The local IP address of your Raspberry Pi is not fixed, unless you are using a wireless adapter to connect, which will keep its IP address. If you want to use SSH for the RPI, you can use these steps:
Start up your Pi to the terminal prompt. Type the following command
"sudo apt-get install xrdp" If promoted enter your password (the
default is "raspberry") Type "Y" and press enter. This is now
installing xrdp onto your Pi which is the software we are going to use
for the remote desktop connection. Wait for it to complete. Restart
your Pi. We are going to check that xrdp is going to start up
automatically. When your Pi has booted to the command prompt look for
[ ok ] Starting Remote Desktop Protocol server : xrdp sesman. This
shows you that xrdp is installed and automatically starting up on
start up of your Pi The last step is to make a note of the IP address
of your Pi which should also be displayed on the start up screen. In
my case below it is 192.168.1.9. This is the address of your Pi on
your network and what we will use to connect to your Pi from the
Second Machine Setup
- Launch Remote Desktop Connection which can be found at Start->All Programs->Accessories->Remote Desktop Connection
Type in the IP Address for your Pi which you noted above.
Click Connect (you may get a security warning at this stage just click OK if you do. After all it is your Pi on your network so
nothing to worry about security wise).
Leave the Module on the default of sesman-Xvnc and enter your username and password for your Pi. (The default is pi and raspberry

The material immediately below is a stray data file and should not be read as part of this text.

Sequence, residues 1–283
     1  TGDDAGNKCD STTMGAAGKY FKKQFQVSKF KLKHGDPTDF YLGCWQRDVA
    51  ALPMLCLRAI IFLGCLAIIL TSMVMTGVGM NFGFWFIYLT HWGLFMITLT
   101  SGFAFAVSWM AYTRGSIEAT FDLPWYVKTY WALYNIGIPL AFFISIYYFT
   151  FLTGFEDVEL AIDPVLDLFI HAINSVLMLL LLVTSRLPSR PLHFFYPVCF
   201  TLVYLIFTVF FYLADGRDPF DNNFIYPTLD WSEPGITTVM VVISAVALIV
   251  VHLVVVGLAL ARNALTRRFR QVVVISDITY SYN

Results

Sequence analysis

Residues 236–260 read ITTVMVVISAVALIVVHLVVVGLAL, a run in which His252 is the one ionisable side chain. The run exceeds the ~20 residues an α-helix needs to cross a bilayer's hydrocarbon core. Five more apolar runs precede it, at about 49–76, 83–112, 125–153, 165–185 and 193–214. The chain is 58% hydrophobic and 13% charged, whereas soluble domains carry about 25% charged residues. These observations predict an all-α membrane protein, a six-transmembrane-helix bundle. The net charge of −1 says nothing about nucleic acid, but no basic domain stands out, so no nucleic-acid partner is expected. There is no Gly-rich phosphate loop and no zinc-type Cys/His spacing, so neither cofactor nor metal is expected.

if you haven't changed them).
Click OK and after a few moments you should be greeted my your Raspberry Pi's desktop!
When you are finished simply log-out from the Pi's desktop.
I found these step from here and they worked for me
Here is another way to use SSH:
SSH into Raspberry Pi I generally log into my Raspberry Pi via SSH, or
Secure Shell to give it its full name. This allows command line
access, to your Raspberry Pi, from another computer. Although it is
possible to SSH into the Raspberry Pi from anywhere in the world, and
I do, this post only covers SSH access over the local network. I will
cover remote connection in a future blog post.
Although this does not give access to a GUI (Graphical User
Interface), having access to the command line generally allows me to
do 95% of what I need to do. The other 5% I could probably do through
SSH, but sometimes you can't beat the comfort of a GUI. :-)
First of all you need to know the IP address of the Raspberry Pi you
are wanting to log into. If you are unsure how to find this, then read
my blog post explaining how you can do this remotely using an
excellent tool called nmap.
To SSH into your Raspberry Pi from a Linux or Apple Mac computer this
is very easy. You can just type your username and IP address into the
command line using the following format:
Ensure you substitute username with the username you are wanting to
log into the remote computer with. The IP address should take the
You may get a message explaining that the authenticity of the host
cannot be established, and if you are sure you want to continue
connecting. You will only see this message the first time you SSH
into your Raspberry Pi. Simply type yes.
You will then be asked for your password, enter the password for the
username you are trying to connect with.
For windows this is a little more tricky to set up as it requires an
additional piece of software called PuTTY. However once installed this
is really simple to use.
First go to the PuTTY website, www.putty.org, download and install the
Once installed load PuTTY
Under Host Name (or IP address) type in the IP address you would like
to connect to. Select the SSH radio button. In the box under Saved
Sessions type in a name to identify this computer, such as Raspberry
Pi, and then click Save. Clicking on Open should now start your SSH
Next time you want to SSH into your Raspberry Pi you just need to load
PuTTY, click on the saved session to highlight it and then click Open.
Once you have typed in your password, when asked, you have remote
access to your Raspberry Pi.
I found these instructions from here